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Suspicious Minds

Azia_bar.jpgRecently, Scott invited me to travel with him to Minnesota for his college reunion. I know… Minnesota is out there, but I knew deep down there would be some sake adventure somewhere to be had, so off I went – and I’m glad I did. After a little research and a few emails with our friend Valerie of the sake diaries blog, I found out about a restaurant called Azia in Minneapolis. This place caught my eye in particular as their website boasts the “Biggest Sake List in Minnesota”. Just how big is the biggest sake list in Minnesota? Is it any good? Can Minneapolis put some ‘Urban’ in their sake? Inquiring minds want to know! So, we made a reservation and I hoped for the best.
We arrived at Azia and we were promptly seated. The decor was pan-asian. The menu was pan-asian and the sake list was, luckily, all japanese.

Rihaku_wandering_poet.jpgWhen I got my hands on the “Biggest Sake list in Minnesota”, I have to say I was pleasantly surprised. They offered 21 sakes ranging from $10 – $34 for a 5 oz serving. The menu had a great explanation of basic sake terms and it seemed this place really put some thought into the way they present their nihon-shu.

Azia lists most of the sakes they serve on their website. All the brands are well known and solid. Included among them are: Onikoroshi, Ichinokura, Otokoyama, Tentaka, Mukune and more. I decided to keep focused for the evening and centered my attention on Rihaku. My first glass of the evening was Rihaku “Wandering Poet” (Junmai Ginjo, shimane Prefecture, SMV +3, ALC 15.2%, Seimaibuai 55%, Acidity 1.6). This junmai Ginjo is delicious and a wonderful warmup for the food of the evening. I actually ended up drinking the Rihaku Ginjo with a selection of Oysters that we ordered for appetizers. This was actually perfect because the sake did such a good job of ‘resetting’ my palate after each briny swig of oyster, it really added to my enjoyment.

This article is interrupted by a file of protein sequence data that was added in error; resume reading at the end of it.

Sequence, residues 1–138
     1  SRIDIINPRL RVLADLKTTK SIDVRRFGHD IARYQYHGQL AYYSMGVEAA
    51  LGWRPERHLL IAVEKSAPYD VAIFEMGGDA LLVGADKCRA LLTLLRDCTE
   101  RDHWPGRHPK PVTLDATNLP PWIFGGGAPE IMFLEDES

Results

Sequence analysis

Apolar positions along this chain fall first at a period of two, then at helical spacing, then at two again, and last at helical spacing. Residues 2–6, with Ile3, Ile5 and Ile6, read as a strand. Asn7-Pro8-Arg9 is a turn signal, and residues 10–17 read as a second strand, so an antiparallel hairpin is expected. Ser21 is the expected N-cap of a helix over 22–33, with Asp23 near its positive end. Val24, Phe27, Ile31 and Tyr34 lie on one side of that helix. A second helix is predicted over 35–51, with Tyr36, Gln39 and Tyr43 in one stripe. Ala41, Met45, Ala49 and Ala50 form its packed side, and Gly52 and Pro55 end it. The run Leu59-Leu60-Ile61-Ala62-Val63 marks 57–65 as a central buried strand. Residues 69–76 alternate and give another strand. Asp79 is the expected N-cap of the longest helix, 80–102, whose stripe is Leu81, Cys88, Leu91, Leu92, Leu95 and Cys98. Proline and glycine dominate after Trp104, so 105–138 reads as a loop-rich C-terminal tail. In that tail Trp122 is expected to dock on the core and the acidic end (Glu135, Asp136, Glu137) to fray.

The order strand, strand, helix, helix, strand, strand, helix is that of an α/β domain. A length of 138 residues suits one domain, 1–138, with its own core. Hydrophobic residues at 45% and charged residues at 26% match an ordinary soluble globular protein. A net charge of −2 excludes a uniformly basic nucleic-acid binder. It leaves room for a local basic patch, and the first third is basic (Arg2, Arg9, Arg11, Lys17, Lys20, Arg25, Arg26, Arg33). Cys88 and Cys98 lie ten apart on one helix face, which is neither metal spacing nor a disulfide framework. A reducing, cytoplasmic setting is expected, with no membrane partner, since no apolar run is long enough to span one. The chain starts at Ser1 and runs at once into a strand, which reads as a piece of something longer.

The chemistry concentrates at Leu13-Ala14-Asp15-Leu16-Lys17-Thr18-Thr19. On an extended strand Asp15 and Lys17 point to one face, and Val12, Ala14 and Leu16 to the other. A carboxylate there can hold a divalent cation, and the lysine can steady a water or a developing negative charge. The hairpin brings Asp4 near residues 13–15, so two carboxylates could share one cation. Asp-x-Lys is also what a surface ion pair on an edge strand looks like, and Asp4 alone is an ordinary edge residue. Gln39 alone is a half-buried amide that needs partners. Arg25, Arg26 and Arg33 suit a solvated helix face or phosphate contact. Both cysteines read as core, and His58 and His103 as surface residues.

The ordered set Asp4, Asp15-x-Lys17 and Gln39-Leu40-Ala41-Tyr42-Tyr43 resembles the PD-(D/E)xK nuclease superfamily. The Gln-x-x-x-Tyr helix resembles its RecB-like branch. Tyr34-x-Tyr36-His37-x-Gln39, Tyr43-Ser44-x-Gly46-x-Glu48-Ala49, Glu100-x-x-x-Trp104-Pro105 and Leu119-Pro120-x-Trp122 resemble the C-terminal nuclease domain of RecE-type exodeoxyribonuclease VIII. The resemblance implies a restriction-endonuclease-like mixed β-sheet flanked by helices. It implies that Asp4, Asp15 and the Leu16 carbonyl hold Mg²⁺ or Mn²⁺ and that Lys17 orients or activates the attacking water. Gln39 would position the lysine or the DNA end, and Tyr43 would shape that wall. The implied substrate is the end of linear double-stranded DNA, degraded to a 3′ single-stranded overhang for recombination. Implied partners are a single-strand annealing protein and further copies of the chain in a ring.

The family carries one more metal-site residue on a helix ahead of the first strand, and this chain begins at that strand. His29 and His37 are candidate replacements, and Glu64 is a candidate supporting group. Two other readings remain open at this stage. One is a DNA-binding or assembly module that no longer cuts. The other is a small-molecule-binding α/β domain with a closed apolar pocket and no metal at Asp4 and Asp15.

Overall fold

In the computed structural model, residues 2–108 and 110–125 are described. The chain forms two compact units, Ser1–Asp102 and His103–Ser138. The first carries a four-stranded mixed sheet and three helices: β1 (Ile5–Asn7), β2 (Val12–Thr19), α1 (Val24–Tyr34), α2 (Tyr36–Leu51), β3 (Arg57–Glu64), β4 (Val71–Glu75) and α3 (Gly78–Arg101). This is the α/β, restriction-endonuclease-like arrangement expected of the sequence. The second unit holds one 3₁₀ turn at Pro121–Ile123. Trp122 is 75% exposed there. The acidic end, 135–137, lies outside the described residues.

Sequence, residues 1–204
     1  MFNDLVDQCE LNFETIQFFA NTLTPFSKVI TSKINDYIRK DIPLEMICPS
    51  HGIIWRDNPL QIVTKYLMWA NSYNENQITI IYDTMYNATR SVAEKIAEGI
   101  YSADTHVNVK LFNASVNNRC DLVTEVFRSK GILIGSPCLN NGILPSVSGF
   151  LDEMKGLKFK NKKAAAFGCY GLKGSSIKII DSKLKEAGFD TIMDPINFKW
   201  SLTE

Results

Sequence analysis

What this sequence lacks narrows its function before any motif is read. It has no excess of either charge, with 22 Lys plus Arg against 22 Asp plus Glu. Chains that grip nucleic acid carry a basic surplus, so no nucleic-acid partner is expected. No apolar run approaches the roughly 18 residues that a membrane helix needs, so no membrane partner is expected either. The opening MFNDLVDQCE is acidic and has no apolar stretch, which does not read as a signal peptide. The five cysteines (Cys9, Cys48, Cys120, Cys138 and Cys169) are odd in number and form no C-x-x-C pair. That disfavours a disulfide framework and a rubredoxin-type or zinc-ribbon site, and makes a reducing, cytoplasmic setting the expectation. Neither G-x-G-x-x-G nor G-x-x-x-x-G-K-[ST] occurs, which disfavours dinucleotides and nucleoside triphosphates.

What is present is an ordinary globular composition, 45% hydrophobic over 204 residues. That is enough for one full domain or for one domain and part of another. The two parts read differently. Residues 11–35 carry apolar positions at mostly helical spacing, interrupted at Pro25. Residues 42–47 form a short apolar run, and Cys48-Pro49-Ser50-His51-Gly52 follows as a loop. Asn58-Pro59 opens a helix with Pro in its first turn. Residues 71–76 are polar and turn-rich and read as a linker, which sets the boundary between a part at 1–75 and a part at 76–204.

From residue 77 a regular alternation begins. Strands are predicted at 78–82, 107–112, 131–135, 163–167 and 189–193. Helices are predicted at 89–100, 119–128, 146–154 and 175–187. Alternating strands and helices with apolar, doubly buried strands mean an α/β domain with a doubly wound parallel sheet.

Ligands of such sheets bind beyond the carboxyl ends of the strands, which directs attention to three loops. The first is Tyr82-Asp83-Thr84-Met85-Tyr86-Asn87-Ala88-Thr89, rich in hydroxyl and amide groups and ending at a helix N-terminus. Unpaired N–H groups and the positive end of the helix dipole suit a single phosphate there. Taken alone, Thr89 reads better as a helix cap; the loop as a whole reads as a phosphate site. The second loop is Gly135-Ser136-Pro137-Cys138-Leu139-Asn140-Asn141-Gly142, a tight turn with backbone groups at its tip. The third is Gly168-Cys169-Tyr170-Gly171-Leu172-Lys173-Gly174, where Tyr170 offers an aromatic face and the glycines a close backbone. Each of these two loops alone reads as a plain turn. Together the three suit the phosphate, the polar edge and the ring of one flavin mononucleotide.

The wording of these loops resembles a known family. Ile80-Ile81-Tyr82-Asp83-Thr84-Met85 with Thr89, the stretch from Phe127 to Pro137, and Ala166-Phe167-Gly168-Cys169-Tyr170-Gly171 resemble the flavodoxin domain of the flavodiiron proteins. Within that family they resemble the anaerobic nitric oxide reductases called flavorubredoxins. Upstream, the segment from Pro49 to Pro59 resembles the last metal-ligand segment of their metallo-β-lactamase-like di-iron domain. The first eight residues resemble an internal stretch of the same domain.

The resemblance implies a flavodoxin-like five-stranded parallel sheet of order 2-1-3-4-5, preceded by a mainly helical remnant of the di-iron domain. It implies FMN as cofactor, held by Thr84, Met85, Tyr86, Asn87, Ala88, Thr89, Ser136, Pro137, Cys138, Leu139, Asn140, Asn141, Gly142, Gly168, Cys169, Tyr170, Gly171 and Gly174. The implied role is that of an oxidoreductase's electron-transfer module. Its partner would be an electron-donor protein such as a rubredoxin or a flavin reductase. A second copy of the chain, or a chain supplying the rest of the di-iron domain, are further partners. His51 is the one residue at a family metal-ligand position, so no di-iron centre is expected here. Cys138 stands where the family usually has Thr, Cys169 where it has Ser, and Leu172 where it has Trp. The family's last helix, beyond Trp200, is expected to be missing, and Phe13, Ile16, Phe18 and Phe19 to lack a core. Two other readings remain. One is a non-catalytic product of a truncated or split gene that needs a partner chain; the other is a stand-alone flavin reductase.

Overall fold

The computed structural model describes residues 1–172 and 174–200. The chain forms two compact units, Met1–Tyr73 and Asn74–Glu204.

Rihaku_Nigori.jpgWith my sushi main course, I stuck with Rihaku and ordered the Rihaku Nigori “Cloudy Dreams” (Tokubetsu Junmai, Shimane Prefecture, SMV: +3, ALC: 15.6%, Seimaibuai: 59%, Acidity: 1.6) With a little extra Wasabi mixed into my soy sauce, nigori goes well with sushi. I really enjoyed the Nigori from Rihaku. It was surprisingly light and smooth. Even a touch fruity, which you don’t usually get from nigori. Above all it was so food friendly and enjoyable. I will be looking for this one again!

I was so excited about the Rihaku Nigori that I wanted to get the perfect picture to include in the blog. It turns out that my picture taking (without the flash!) caught the eye of the owner who came over to our table and asked how we were enjoying the sake. I later discovered he thought I was trying to steal the sake list! That’s a very cold-war east-german-spy way of making off with a sake list, eh? Luckily our waitress figured out that I was just a sake obsessed blogger and she quickly smoothed things over. By the end of the evening I’d even been given a copy of the sake list to take home!

If you’re ever in Minnesota and looking for a little (or big) tipple of sake, Azia is hands down THE place to go. They take their nihon-shu seriously and it shows. Go thirsty and leave happy, but be sure to practice your covert secret-spy undercover camera operation before you go.